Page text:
James Woods is undisputedly one of America’s most electrifying male stars, yet most of the characters he plays are people you probably should avoid. Mark Fraser looks at 10 of his most memorable performances.
10. Chaplin (Richard Attenborough, 1992)
Although it’s the smallest of roles in a sometimes overly sentimental, two-and-a-half hour, star heavy biopic about one of early Hollywood’s greatest film makers, Woods briefly eats the scenery as Joseph Scott (1867-1958), the red-baiting Los Angeles lawyer who helps Joan Barry (Nancy Travis) nail Charlie Chaplin (Robert Downey Jnr) for child support while dragging the Tramp’s reputation through the mud. A great movie courtroom moment which is suitably enhanced by Sven Nykvist’s masterful cinematography.
Discover More: Top 10 Charlie Chaplin Films
9. Casino (Martin Scorsese, 1995)
Despite the fact he’s a low life conman and former pimp, Lester Diamond (Woods) still managers to hustle ex-prostitute Ginger McKenna (Sharon Stone) and her precocious daughter Amy (Erika von Tagen) away from their husband/father Sam Rothstein (Robert De Niro) and his affluent Las Vegas lifestyle. A totally believable slime ball who somehow manages to evoke a glimmer of pathetic sympathy when Rothstein sets his goons on him.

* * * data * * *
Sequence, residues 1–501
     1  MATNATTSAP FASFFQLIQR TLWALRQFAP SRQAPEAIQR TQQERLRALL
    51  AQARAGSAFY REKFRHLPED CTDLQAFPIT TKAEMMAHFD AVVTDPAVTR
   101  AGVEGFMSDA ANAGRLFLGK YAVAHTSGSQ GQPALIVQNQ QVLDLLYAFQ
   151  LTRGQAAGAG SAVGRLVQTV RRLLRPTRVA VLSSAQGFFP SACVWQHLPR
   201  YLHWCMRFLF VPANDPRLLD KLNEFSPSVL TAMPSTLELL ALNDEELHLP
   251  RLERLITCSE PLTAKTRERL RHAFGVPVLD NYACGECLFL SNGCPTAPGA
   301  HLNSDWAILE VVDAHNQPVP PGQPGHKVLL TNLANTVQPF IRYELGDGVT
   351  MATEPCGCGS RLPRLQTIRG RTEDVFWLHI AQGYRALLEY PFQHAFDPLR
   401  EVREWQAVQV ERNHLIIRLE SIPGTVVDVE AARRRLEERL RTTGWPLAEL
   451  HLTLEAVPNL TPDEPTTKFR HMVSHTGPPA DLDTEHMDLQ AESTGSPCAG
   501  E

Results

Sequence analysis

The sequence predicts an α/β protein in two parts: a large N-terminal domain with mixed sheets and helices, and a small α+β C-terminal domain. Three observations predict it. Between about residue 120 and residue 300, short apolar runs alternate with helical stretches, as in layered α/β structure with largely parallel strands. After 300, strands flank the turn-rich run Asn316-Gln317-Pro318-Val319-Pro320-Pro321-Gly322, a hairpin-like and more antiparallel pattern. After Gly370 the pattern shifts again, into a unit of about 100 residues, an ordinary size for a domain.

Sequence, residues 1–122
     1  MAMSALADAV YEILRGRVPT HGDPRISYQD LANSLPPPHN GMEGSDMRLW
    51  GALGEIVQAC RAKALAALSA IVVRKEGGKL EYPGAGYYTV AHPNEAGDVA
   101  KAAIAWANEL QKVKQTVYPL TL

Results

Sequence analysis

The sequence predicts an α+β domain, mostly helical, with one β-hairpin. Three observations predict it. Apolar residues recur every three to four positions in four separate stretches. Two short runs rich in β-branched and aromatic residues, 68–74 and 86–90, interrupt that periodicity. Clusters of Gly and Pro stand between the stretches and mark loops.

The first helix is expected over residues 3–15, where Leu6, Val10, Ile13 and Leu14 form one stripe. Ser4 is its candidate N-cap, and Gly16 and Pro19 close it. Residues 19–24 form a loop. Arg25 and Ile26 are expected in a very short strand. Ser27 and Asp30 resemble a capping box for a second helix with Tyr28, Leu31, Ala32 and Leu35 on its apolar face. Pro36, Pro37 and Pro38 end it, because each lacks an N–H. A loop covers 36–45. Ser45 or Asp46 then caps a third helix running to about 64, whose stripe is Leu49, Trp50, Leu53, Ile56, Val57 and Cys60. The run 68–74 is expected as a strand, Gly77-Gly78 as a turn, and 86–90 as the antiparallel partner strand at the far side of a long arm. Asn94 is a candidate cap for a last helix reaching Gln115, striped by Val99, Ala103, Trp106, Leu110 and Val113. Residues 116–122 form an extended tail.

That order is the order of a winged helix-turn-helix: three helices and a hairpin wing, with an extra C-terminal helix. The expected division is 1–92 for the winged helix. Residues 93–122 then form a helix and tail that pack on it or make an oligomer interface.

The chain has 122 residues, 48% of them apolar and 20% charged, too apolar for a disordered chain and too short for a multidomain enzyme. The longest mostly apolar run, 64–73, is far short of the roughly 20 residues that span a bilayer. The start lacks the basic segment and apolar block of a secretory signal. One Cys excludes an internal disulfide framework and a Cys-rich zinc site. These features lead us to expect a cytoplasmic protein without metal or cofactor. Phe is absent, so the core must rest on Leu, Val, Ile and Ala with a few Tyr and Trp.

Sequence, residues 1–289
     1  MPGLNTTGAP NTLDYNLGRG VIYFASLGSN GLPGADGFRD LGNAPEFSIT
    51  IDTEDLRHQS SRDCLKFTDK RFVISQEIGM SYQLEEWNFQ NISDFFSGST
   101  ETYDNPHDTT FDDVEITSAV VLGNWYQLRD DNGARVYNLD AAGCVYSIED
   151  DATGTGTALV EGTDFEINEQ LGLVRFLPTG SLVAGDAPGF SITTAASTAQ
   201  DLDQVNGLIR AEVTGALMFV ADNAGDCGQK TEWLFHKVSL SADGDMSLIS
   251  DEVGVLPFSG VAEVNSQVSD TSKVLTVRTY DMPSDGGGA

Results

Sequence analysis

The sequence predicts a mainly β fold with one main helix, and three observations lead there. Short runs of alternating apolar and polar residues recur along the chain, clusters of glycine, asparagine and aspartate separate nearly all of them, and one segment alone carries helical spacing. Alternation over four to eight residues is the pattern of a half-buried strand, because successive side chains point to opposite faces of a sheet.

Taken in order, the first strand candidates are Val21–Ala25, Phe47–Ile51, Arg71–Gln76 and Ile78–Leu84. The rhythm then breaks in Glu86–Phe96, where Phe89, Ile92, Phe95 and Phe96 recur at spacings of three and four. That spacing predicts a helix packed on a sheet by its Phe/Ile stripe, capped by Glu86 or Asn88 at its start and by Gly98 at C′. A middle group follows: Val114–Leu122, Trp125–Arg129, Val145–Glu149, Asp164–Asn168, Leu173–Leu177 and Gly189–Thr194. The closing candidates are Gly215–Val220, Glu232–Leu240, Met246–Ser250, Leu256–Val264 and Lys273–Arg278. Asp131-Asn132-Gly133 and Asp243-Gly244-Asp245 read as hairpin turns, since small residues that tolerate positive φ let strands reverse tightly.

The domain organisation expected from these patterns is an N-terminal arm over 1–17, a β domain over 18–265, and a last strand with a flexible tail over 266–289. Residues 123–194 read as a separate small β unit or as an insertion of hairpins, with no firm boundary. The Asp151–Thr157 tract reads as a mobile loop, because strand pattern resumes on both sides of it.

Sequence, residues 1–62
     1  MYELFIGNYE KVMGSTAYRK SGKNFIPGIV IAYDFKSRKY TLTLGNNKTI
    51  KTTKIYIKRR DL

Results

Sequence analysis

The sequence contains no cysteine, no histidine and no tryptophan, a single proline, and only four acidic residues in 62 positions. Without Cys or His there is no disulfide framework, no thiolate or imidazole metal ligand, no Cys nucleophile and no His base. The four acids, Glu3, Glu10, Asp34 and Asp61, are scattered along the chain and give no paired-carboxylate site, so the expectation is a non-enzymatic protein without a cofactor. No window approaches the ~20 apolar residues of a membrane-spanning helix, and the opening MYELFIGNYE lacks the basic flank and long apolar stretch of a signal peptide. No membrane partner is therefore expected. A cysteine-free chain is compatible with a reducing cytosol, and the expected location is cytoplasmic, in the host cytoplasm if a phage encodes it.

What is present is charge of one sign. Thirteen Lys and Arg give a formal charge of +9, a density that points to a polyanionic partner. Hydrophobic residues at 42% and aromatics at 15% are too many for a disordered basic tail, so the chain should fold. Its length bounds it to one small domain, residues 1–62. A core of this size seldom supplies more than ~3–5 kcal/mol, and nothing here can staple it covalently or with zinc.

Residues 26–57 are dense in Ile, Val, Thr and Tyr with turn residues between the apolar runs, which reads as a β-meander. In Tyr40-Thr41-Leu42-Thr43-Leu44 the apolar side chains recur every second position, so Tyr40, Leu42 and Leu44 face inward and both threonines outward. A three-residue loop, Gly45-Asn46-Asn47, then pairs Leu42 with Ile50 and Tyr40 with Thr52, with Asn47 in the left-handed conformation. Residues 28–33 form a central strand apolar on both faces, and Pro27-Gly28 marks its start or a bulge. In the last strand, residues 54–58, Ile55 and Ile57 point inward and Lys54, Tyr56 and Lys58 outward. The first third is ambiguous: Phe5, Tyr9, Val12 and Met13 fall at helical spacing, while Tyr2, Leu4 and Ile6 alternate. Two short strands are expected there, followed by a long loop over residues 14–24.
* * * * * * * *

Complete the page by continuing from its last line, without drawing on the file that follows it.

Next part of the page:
Discover More: Top 10 Films of Martin Scorsese
8. Videodrome (David Cronenberg, 1983)
Who else could play a seemingly normal TV producer who gets addicted to a form of snuff porn that is being transmitted from Malaysia, only to find he’s unwittingly become a pawn in a larger plot to wean out society’s perverts – and convincingly pull it all off? A few actors perhaps, but not too many. As Max Renn, Woods successfully transforms from a quick witted, smooth talking, low rent media executive into a brainwashed, part man-part machine who goes on a killing spree before being painted into a corner and committing suicide.
Discover More: Killer TV: 10 Films Where TV Is The Bad Guy
7. Once Upon a Time in America (Sergio Leone, 1984)
In a strange way Max Bercovicz (Woods) ends up personifying everything that is corrupt about American politics, starting the film as a young Jewish hoodlum in Manhattan’s Lower East Side before growing into a bootlegger/gangster and finally morphing into a powerful US secretary after pulling off a switcheroo which results in the death of two of his close partners in crime (James Hayden and William Forsythe) and the 35 year self-imposed exile of his best friend Noodles (Robert De Niro). Unlike with many of his other criminal roles, Woods keeps his character in check – although from time to time he still reveals he is a walking time bomb.
6. Cop (James B Harris, 1988)
One can only wonder if crime writer James Ellroy really had someone as highly strung and slippery as Woods in mind to play Lloyd Hopkins, the senior LA detective sergeant whose namesake trilogy (Blood on the Moon [on which this film is based], Because the Night and Silent Hill) provides a sweeping picture of crime and police corruption in the city of angels since the mid-1960s. At the end of the day it probably didn’t matter what the author thought as the actor is in top form as the super-charged, rules-breaking, vigilante lawman – a role he essentially tried to emulate 10 years later in John Carpenter’s dire Vampires.
Discover More: Top 10 Films of John Carpenter
5. The Boost (Harold Becker, 1988)